Monday, August 17, 2015

Mixed Up Monday: Periwinkle

The color periwinkle gets its name from the color of blossoms produced by the plant called Periwinkle, or myrtle, Vinca minor.  It is a mix of lavender and pale blue.

What you'll need:
wool: fiber or yarn
acid: citric or vinegar
acid dyes: turquoise and magenta.  Brown, black, and yellow are optional.  (link for mixing dye                            stocks can be found here)
dye pot: stainless steel or crock pot
measuring spoons

I'll be using 1 oz bundles of mixed breed wool combed top for each dye pot.  

Gather your wool and soak in some room temp tap water until saturated.

Add 1/2 tsp citric acid, or 2 tsp vinegar, to a dye pot filled with a few inches of water.  

Add 1 tsp, 5 ml, of Turquoise dye stock to the pot.

Next, add 1/2 tsp of Magenta dye stock.  Give it a stir.

Add the damp wool making sure it is completely submerged.
Cover and turn heat to low.
Simmer for 20 minutes.  Water should be clear when done.
Let cool.

Prepare water baths, one with a couple drops of textile detergent or Blue Dawn, and one bath of plain tap water.  Soak wool in each one for a few minutes. 
Hang dry.

A pretty shade of periwinkle. :)
1 tsp Turquoise dye stock
1/2 tsp Magenta dye stock


Adding 1/4 tsp of Yellow dye stock will tone it down while keeping a pastel shade.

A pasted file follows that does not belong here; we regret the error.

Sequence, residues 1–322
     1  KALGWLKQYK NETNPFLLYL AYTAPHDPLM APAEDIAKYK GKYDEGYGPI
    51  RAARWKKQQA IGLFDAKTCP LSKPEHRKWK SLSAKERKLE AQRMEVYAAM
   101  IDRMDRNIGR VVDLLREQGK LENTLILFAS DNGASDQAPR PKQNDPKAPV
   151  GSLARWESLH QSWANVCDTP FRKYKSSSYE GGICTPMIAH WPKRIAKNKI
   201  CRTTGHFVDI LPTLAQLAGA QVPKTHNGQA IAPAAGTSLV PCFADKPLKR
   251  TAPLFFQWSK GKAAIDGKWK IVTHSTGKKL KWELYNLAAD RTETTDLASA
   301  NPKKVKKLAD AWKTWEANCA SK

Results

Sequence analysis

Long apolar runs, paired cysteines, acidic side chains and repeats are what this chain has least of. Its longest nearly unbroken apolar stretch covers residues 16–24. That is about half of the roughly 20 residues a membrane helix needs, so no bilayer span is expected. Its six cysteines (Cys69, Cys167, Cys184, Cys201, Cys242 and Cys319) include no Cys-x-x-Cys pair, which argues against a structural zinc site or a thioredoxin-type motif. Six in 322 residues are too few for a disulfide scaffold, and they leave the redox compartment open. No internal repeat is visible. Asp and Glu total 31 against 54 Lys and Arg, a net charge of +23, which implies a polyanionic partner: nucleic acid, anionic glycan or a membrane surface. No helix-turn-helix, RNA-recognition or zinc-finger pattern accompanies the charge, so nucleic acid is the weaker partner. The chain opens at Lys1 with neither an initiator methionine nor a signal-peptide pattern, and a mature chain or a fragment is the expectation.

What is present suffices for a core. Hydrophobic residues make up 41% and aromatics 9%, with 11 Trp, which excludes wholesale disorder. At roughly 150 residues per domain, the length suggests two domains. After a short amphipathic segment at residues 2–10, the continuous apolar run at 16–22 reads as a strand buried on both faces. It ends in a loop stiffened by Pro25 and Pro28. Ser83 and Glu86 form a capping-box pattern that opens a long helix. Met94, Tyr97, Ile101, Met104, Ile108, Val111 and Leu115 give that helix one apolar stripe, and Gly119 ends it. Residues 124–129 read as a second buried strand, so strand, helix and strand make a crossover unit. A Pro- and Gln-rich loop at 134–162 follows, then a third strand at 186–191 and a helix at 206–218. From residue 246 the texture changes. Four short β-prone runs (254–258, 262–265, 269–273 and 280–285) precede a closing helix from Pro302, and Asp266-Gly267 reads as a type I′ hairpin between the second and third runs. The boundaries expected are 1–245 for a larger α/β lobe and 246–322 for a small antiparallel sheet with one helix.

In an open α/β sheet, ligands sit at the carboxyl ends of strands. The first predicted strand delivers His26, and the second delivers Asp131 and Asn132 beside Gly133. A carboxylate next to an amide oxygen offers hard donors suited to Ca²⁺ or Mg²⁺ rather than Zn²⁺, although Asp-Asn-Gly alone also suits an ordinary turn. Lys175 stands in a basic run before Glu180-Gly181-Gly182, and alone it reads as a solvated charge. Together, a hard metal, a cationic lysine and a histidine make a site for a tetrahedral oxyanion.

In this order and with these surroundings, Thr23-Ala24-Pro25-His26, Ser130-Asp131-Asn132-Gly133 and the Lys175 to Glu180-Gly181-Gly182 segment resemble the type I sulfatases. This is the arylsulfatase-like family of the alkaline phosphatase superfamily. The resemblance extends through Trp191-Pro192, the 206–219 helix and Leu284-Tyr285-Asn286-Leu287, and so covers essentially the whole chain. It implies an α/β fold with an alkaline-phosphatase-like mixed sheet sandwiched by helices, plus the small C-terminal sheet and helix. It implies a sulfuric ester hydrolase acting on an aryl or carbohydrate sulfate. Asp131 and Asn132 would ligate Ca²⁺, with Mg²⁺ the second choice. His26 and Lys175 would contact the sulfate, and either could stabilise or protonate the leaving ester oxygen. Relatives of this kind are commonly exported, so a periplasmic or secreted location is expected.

Here I added 1/4 tsp of Brown dye stock to darken and warm it up a bit.

Adding 1/4 tsp of Black dye stock will darken and bring out more cool undertones.

Have fun and keep on dyeing!


Mixed Up Mondays will be back soon!  


  1. I ***love*** these posts! thanks so much for sharing your experiments!

  2. What does the 2x's dye mean on that last hank of wool?

    1. Hi Adriana :) I doubled the dye from the main (first recipe). So instead of 1 tsp Turquoise dye stock, I used 2 tsp; I used 1 tsp Magenta instead of 1/2 tsp.

  3. Okay I thought that is what you meant. I'm getting ready to attempt to dye with acid dyes for the first time. So if I wanted to dye 100grams (3.52), do I adjust the amount of dye solution accordingly?

    1. Yes. :) You may want to triple the recipe and see if it's ok. You can always add more if the shade is too pale for you.

  4. Hi Laurs...I just found your blog and am really looking forward to more posts. I am a spinner and do a lot of dying so really enjoy seeing your dye recipes. Thanks for posting them!